Goals
Review the major physiographic features of the ocean basins.
Investigate the creation of oceanic crust at midocean ridges.
Illustrate the origin of sea floor isochrons and magnetic lineations.
Demonstrate the relationship between sea floor spreading and ocean floor topography.
Show how plate velocities are determined.
 
Introduction
 
Prior to World War II, little was known about the ocean basins. In the mid-eighteenth century, some scientists argued that the oceans were between 25 and 30 km deep. Without modern technology, scientists had few means of sampling or mapping the ocean floor. Lacking data, geologists assumed that the ocean floors were simple, flat plains that had collected sediment over the vastness of geologic time.
 



Fig. 1: midocean ridges of the world.
 
There were attempts to determine the nature of the ocean floor. Magellan lowered a sounding line 750 m in 1521 without reaching bottom. In 1840, the Erebus, under the command of James Clark Ross, attempted to determine directly the depth of the South Atlantic. After 4 hours of hard work, the crew established the depth of the ocean at 4375 m (a figure off by 600 m). During its famous oceanographic cruise, the Challenger successfully completed a sounding of 10,000 m. Other surveys added to the growing knowledge of the ocean floor and suggested that it was not the flat plain originally believed. However, the 312 million km2 of ocean meant that its floor could not be mapped in detail by the process of sounding.
Technological advances during and after World War II significantly increased our ability to image and map the ocean floor. One of the earliest instruments, and one still useful today, was the seismic profiler. This instrument is used to determine sea floor topography as well as the shallow structure of the ocean floor. The profiler, which is towed behind a ship, emits low-frequency sound waves that are reflected at the interface between two materials of different composition and density, e.g., seawater and the ocean floor. Thus a profiler can map the contact between water and the sea floor. Because oceanic sediment and the underlying igneous rocks have very different physical characteristics, seismic profiling also can detect the upper surface of the oceanic crust. As a ship moves, it can acquire a continuous topographic profile of the ocean floor as well as a profile of the top of the oceanic crust. Using thousands of such profiles acquired during many ship cruises, topographic maps of the ocean floor were made soon after World War II.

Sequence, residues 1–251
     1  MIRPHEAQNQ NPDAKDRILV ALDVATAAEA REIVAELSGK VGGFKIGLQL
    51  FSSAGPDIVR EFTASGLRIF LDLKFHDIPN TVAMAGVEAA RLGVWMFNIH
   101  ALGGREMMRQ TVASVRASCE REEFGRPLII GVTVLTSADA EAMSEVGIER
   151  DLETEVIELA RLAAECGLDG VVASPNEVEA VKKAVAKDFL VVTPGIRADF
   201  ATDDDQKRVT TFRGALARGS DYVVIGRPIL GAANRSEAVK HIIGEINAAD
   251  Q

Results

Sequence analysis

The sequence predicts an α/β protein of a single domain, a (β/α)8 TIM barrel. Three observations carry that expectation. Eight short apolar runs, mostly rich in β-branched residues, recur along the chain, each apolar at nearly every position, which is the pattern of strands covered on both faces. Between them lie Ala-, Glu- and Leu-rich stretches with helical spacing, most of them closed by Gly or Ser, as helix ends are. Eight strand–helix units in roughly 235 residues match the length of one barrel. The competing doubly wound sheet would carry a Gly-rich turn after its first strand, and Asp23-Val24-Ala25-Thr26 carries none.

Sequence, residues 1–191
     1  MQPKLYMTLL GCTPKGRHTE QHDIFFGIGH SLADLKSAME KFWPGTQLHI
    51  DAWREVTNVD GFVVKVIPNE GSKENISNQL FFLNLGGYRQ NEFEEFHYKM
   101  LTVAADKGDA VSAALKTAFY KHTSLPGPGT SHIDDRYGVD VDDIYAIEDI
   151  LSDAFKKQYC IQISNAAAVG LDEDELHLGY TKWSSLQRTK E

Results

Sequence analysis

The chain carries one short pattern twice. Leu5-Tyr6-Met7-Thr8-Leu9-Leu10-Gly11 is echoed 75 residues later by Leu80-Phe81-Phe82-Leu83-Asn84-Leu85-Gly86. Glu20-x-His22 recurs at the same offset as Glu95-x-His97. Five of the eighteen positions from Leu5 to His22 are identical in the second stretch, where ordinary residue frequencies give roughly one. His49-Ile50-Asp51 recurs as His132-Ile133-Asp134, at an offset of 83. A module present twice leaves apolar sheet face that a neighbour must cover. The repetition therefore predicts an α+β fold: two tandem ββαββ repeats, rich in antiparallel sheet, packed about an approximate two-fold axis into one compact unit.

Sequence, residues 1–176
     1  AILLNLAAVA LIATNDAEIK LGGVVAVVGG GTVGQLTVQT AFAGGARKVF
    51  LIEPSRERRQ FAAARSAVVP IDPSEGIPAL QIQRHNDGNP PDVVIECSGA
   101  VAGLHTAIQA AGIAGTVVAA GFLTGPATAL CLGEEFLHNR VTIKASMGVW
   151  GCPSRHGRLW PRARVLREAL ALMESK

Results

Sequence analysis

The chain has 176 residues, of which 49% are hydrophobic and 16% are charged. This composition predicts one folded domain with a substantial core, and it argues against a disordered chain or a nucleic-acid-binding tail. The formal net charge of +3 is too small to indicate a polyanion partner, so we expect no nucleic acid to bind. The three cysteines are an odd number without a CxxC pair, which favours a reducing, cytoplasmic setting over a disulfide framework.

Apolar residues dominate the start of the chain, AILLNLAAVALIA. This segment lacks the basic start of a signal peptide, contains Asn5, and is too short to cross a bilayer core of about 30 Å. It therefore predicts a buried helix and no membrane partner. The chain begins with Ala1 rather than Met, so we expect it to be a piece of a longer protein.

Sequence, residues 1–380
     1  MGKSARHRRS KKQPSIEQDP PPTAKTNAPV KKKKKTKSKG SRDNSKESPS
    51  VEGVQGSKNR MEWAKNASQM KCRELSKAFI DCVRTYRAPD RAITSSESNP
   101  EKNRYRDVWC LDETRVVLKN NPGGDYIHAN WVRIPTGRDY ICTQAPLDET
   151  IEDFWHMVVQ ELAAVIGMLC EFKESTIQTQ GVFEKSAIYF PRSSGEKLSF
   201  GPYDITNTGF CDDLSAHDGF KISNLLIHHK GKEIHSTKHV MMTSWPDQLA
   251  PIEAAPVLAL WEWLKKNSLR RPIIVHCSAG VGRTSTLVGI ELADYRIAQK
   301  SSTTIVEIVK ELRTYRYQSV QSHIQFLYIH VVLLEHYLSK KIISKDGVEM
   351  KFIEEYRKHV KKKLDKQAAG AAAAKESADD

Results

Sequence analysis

Detailed oceanographic surveys of the ocean floor completed in the mid-1960s revealed a bathymetry of great complexity. The ocean floors were far from the simple monotonous plains geologists had predicted. They consist of six major topographic features:
  • Midocean ridges
  • Fracture zones and transform faults
  • Seamounts
  • Deep-sea trenches
  • Abyssal floors
  • Continental margins

Abyssal floors occur in the deep parts of the ocean basins and consist of two components.Abyssal hills are regions of low topographic relief, whereas abyssal plains are almost flat. In the Atlantic, the depth of the ocean floor varies only a few meters for every 100 km. Subsequent work has shown that abyssal plains are actually regions where oceanic sediment covers abyssal hills, producing flat, nearly featureless plains. Abyssal plains are much more common and well developed in the Atlantic than in the Pacific Ocean.
Submarine mountain ranges were shown to dwarf anything seen on land. By the mid-1960s, extensive surveys had shown that these were contiguous and the single largest topographic feature on the planet. The midocean ridge (MOR) system extends for 65,000 km, cuts across all major ocean basins, and covers nearly 25 percent of the Earth’s total surface area. At its widest, the MOR is nearly 1500 km across and reaches heights of 3 km above the ocean floor. New knowledge about the ocean floor coupled with advances in earthquake detection and sampling of the ocean floor required geologists to completely rethink their models of the ocean basins and how they form.

  

 

Copyright Houghton Mifflin Company. All Rights Reserved.
Terms and Conditions of Use, Privacy Statement, and Trademark Information